• A material summary and a tips list: all the bottom lines you reach while studying: things which will help you remember and absorb the material, and will inform your question solving.
      • Solve problems from the relevant topic: do the Practice phase for the section on examPAL, starting with Diagnostic, Improvement and then Optimization.
        • Continuously review your mistakes, and keep a running list of mistake types: why did I make this mistake? How will I avoid it?
        • Update your tips list continuously.
    • What’s left is building an exact schedule, with time allotted for each topic. What you should aim for is focusing on one topic per day. If you have exactly 30 days, there will be a few days where you do two topics.
    • Put into you schedule a daily regimen of working on your English skills. This means reading magazine or newspaper articles, and going over the vocabulary list from the Vocabulary and Memorization section. If English is not you native tongue, spend at least an hour – an hour and a half on this daily. It’s crucial to your success on the verbal section.
    • One day off a week – do something fun!

    Days 21-28

    • Practice tests: Every other day, take an ETS POWERPREP test. Make it as similar to the real thing as possible: take it at the same time of day as your real test, from start to finish, with no interruptions. Then, analyze your performance: what did you do well? Where do you need to improve? Spend whatever time you have left over to practicing questions from the topics you did most poorly on (from examPAL’s practice or from the GRE Official Guide).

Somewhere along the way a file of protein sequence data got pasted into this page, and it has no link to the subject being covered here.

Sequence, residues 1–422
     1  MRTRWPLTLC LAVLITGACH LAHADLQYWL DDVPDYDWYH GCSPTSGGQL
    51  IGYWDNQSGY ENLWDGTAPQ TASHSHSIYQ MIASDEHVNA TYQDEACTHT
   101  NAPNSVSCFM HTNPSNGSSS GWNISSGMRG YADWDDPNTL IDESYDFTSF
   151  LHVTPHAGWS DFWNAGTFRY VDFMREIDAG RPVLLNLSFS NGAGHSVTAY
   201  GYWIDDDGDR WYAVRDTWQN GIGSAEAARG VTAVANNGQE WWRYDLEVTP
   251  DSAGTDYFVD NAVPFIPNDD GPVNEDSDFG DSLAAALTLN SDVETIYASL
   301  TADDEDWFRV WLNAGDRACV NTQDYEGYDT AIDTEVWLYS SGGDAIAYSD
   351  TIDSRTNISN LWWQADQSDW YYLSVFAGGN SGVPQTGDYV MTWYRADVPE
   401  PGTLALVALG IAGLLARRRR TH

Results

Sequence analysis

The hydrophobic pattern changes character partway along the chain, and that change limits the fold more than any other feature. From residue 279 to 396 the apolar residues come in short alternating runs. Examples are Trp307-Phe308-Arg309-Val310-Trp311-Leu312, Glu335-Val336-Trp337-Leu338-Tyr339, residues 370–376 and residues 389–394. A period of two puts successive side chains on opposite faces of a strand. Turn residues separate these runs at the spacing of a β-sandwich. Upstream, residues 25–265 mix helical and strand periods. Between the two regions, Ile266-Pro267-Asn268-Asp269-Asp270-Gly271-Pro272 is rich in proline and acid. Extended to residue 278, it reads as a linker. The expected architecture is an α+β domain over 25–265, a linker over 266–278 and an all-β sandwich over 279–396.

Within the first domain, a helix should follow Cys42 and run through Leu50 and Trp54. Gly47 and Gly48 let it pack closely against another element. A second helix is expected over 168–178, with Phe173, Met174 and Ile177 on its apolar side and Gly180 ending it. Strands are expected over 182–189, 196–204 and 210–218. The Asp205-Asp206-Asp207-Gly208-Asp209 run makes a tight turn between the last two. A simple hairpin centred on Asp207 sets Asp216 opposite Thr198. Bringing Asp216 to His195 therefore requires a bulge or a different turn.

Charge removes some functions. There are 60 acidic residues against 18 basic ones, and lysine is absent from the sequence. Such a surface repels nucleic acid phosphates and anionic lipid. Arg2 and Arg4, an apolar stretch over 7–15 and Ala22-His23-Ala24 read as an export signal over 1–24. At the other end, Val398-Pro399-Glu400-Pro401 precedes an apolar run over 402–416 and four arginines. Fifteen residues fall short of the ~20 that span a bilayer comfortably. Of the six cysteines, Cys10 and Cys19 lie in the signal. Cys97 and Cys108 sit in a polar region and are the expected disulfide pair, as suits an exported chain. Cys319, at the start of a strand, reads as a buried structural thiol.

• Review: Every other day not devoted to mock tests, go over two or three topics: browse through your summary, go over your notes, and try solving questions that stumped you the first time around. Spend more time on the topics that the test revealed to be problematic.
    • .

    Day 29

    • Vacation: you’ve earned it and you need it. Go to the beach (but don’t get sunburnt), meet some friends (but go to sleep early), most of – relax. Tomorrow’s your big day.


    Day 30





    1. Having trouble understanding something?
    • Something small and technical? Don’t get bogged down – postpone it till the Review days.
    • Something fundamental? Give yourself more time for the topic to rewatch the Intro and Lesson. It’s OK to borrow time from other subjects, but never skip an entire topic.
    1. Mistakes = Opportunities. For every mistake, ask yourself: why did it happen? How can I avoid a similar one next time? Devote time to this: better to fully comprehend 1000 questions than mindlessly solve 10,000.

    2. Focus: Find a quiet, secluded space. Your phone should be nowhere near you when study –  On silent, in another room, under a brick, and your computer’s Wifi should be turned off when possible.
    3. 8 hours of sleep a night, every night. Exercise is recommended.


    One last thing


    A month of prep should be intense, not stressful. There’s a difference: stress is when you feel “there’s too much to do, I’m not gonna make it”. In other words, stress is what you feel when you don’t have a plan. This is not your situation! You have the tools to know what you’re going to do during each day, which should give you the piece of mind to know you’re on track. Tick off the tasks you’re supposed to do every day once they’re completed, and be flexible: if you’ve completed something ahead of time, move forward to a future task. If you haven’t completed what you wanted, update your schedule to give it more time, or simply set it aside (this is ok, too). You’ve only got one month – make the most of it!


    Dave Green
    Senior tutor and professional test-prep writer. Interdisciplinary wizard, with Master’s degrees in economics, philosophy, and political science at HUJI.